Disappearance of Himalayan Republic States During 3rd And 4th Century AD

 Disappearance of Himalayan Republic States During 3rd And 4th Century AD

Disappearance of Himalayan Republic States During 3rd And 4th Century AD

  • In 327 B.C. Alexander from Macedonia crossed the Afghanistan and advanced as far as river Beas in 326 BC. Alexander met stiff resistance in Punjab and river Beas was flooded, and his soldiers refused to go further. So he could not cross Beas and returned back to Macedonia and died on the way at Babylon in Afghanistan. 
  • After departure of Alexander Chandragupta Maurya gained Magdha in 324 with help of Chanakya who was also known as Kautilya and Vishnugupta. 
  • Chandragupta fought a battle against Alexander's governor and with the help of Himalayan chief Parvataka who was the ruler of the territory between the Ravi and the Yamuna.
  •  Ashoka the grandson of Chandra Gupta extended his boundaries in the Himalayan region. He was a staunch Buddhist. He sent group of Buddha monks - Kasapagotta, Dundhibissara, Sahadeva and Mulankadeva to spread Buddhism in Himalayan regions. This mission was headed by Majjhima.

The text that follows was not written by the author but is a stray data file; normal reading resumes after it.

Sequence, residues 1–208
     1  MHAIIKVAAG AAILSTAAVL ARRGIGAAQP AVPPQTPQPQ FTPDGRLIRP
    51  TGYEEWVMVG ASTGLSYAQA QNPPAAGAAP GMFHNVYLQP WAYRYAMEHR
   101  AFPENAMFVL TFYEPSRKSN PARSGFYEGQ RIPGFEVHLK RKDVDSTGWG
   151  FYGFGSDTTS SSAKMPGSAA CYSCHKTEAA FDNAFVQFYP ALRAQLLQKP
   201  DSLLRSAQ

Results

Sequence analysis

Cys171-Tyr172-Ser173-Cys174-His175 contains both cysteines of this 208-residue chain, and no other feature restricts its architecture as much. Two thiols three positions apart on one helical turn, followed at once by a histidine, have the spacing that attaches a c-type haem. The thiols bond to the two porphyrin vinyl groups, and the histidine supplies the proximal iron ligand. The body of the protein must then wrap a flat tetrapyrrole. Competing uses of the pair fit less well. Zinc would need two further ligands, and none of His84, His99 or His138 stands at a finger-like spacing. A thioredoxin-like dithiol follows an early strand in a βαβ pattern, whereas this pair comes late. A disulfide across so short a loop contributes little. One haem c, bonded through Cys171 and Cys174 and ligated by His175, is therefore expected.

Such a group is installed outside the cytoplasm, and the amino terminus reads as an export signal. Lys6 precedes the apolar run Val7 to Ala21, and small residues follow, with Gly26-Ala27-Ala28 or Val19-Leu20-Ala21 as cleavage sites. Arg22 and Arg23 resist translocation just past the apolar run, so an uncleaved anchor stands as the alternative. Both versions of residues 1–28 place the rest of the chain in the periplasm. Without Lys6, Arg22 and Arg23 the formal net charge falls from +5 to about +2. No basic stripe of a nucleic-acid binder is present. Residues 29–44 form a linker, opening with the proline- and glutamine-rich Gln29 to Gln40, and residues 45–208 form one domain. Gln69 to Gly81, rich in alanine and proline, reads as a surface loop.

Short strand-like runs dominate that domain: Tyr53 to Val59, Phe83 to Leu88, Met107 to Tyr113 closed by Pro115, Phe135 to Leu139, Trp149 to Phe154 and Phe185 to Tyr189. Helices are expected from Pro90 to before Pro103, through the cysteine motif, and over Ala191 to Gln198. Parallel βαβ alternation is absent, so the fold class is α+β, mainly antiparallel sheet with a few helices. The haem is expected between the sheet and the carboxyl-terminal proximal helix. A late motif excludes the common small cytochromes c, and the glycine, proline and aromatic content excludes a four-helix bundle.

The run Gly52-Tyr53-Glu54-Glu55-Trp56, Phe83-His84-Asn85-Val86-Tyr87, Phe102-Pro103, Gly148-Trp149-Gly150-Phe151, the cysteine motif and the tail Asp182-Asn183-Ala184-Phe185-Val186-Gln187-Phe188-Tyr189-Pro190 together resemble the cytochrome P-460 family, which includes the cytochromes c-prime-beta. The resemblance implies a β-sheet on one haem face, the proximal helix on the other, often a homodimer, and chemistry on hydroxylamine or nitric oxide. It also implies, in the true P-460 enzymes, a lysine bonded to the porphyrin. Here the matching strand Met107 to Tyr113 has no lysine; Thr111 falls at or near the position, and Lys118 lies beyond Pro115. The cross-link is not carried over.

• Mauryan Dynasty was followed by the Sunghas dynasty and during Sunghas reign, local republics of Himalaya became free and issued their own coins. Sunghas were followed by Kushana. Kanishka was the greatest ruler of this dynasty. Kushana copper coins were found on the Kalka- Kasauli road.
  •  In the 4th century AD Guptas were emerged as power with its capital at Patliputra.
  •  The greatest king of his dynasty was Samudragupta, also known as Napoleon of India and Kavi Raj. His achievement has been mentioned by his minister of defence, Harisena on Allahabad pillar that Himalayan rulers have accepted Samudragupta's paramountcy without having any armed conflict. 
  •  Another famous ruler of Gupta dynasty was Chandragupta - II. The plot of Vishakhadatta's play Devichandraguptam which tells the story of Ramgupta, his wife Druva Devi and Chandragupta-II who killed Saka king in order to protect her sister-in-law. These two throw sufficient light on the mission and achievement of Monarch. There is no reference to republic Audumbaras in any inscriptions and books. It shows that Audumbaras came to an end probably in the 4th century